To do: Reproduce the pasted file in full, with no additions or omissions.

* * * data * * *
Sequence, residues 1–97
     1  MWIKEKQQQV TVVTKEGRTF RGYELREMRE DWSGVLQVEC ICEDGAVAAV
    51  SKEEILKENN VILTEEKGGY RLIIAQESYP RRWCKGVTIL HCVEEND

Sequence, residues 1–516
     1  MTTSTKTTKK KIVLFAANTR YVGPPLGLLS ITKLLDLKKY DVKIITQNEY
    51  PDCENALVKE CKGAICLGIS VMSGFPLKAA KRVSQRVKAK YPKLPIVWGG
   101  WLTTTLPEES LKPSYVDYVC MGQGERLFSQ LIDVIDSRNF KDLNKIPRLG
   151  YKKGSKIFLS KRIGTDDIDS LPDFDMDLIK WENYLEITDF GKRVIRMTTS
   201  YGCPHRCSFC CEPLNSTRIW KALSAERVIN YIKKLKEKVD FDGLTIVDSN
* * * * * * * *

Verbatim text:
Sequence, residues 1–97
     1  MWIKEKQQQV TVVTKEGRTF RGYELREMRE DWSGVLQVEC ICEDGAVAAV
    51  SKEEILKENN VILTEEKGGY RLIIAQESYP RRWCKGVTIL HCVEEND

Sequence, residues 1–516
     1  MTTSTKTTKK KIVLFAANTR YVGPPLGLLS ITKLLDLKKY DVKIITQNEY
    51  PDCENALVKE CKGAICLGIS VMSGFPLKAA KRVSQRVKAK YPKLPIVWGG
   101  WLTTTLPEES LKPSYVDYVC MGQGERLFSQ LIDVIDSRNF KDLNKIPRLG
   151  YKKGSKIFLS KRIGTDDIDS LPDFDMDLIK WENYLEITDF GKRVIRMTTS
   201  YGCPHRCSFC CEPLNSTRIW KALSAERVIN YIKKLKEKVD FDGLTIVDSN